In 2019, office building sales in the surrounding county went for about $638 per square foot, according to market data by Cushman & Wakefield. So at 412,663 square feet the property could be worth about $263 million

“The Menlo Park area is the epicenter of the technology sector and home to such companies as Google, Apple, Intel and E‐Trade and the real estate market is one of the strongest in the country,” the Public Buildings Reform Board wrote.

Civil Air Patrol, United States Air Force Auxiliary worked on restoring the Nike Missile Site in December 2019. Photo by: Nike Missile Site Restoration Project.
Civil Air Patrol, United States Air Force Auxiliary worked on restoring the Nike Missile Site in December 2019. Photo by: Nike Missile Site Restoration Project.

Nike missile site; Gaithersburg, Md.

The Department of Commerce will be selling a patch of land — a 13.7-acre former missile site in Gaithersburg, Md., near Washington, D.C.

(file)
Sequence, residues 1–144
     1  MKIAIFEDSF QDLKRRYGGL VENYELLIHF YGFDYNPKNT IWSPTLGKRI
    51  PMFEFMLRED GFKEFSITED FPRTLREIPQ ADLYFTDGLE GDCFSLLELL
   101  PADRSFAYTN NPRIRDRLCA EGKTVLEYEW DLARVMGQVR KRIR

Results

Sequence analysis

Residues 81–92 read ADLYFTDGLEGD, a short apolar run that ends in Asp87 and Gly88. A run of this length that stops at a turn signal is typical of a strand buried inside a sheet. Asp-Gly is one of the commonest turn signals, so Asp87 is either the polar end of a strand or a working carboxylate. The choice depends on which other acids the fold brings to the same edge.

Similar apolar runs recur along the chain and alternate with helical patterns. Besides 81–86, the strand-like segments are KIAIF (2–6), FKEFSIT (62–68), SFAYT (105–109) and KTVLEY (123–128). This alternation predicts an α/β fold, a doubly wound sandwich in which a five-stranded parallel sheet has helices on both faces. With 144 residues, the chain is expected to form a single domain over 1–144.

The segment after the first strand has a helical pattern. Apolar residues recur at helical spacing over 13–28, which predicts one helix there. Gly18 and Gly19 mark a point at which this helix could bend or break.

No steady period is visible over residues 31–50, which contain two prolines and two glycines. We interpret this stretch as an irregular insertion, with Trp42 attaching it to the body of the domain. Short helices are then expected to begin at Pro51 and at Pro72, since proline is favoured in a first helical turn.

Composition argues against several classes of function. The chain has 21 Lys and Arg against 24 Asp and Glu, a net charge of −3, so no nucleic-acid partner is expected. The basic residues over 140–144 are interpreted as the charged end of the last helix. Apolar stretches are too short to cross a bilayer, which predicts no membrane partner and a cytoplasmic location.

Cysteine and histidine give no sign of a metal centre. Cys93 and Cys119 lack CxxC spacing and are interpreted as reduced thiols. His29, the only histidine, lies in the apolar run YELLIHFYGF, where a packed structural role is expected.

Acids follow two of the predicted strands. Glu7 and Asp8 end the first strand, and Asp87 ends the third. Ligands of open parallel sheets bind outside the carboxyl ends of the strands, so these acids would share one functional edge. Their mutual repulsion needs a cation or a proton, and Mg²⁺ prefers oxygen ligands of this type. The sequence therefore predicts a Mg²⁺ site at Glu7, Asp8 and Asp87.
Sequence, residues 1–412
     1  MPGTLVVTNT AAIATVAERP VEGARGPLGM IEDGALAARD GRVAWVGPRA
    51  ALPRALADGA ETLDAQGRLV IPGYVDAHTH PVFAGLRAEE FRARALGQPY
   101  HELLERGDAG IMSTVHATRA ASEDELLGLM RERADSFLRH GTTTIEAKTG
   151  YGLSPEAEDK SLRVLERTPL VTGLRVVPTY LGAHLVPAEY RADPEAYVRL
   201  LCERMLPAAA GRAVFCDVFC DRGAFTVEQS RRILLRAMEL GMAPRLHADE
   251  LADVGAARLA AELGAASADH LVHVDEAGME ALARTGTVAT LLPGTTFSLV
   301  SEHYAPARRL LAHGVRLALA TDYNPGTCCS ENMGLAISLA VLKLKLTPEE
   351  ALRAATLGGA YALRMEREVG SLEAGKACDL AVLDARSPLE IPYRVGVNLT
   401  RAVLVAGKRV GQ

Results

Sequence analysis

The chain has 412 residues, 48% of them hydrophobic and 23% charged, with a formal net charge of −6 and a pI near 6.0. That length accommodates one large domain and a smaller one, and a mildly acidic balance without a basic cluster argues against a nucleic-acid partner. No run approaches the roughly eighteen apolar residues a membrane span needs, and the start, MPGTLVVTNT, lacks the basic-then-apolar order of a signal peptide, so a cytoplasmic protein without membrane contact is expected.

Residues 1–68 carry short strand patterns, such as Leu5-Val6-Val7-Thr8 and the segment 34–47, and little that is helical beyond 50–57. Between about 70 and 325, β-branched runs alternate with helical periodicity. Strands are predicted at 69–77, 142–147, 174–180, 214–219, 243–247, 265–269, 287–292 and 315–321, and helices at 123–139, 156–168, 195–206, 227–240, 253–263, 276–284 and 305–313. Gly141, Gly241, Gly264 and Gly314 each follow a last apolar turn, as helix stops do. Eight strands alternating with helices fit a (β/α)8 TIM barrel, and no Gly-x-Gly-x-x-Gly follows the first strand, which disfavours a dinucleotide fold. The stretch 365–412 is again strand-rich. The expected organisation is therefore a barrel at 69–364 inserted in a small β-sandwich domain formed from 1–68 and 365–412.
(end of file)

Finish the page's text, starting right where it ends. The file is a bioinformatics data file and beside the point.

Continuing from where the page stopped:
The Nike site, not affiliated with the Oregon-based athletic footwear company, was home to the Nike missile battery W-92. It was the “line of sight” missile defense base against Soviet attacks during the Cold War, according to reports.

The site includes a barracks, a kennel, launch pads, and storage buildings. Since operations closed in 1968, the Department of Commerce-owned site mostly sits empty, except for hosting occasional robotics tests, which will be relocated.

Last year, industrial property sales in Gaithersburg averaged $153.75 per square foot, which would bring the Nike site’s value to about $5 million, according to 2019 Cushman & Wakefield market reports.

“Demand for developable land is strong in the Gaithersburg area, particularly because of its proximity to Washington D.C.,” wrote the Public Buildings Reform Board.

National Archives and Records Seattle office. Photo by: National Archives and Records Administration.
National Archives and Records Seattle office. Photo by: National Archives and Records Administration.

National Archives Seattle facility; Seattle, Wash.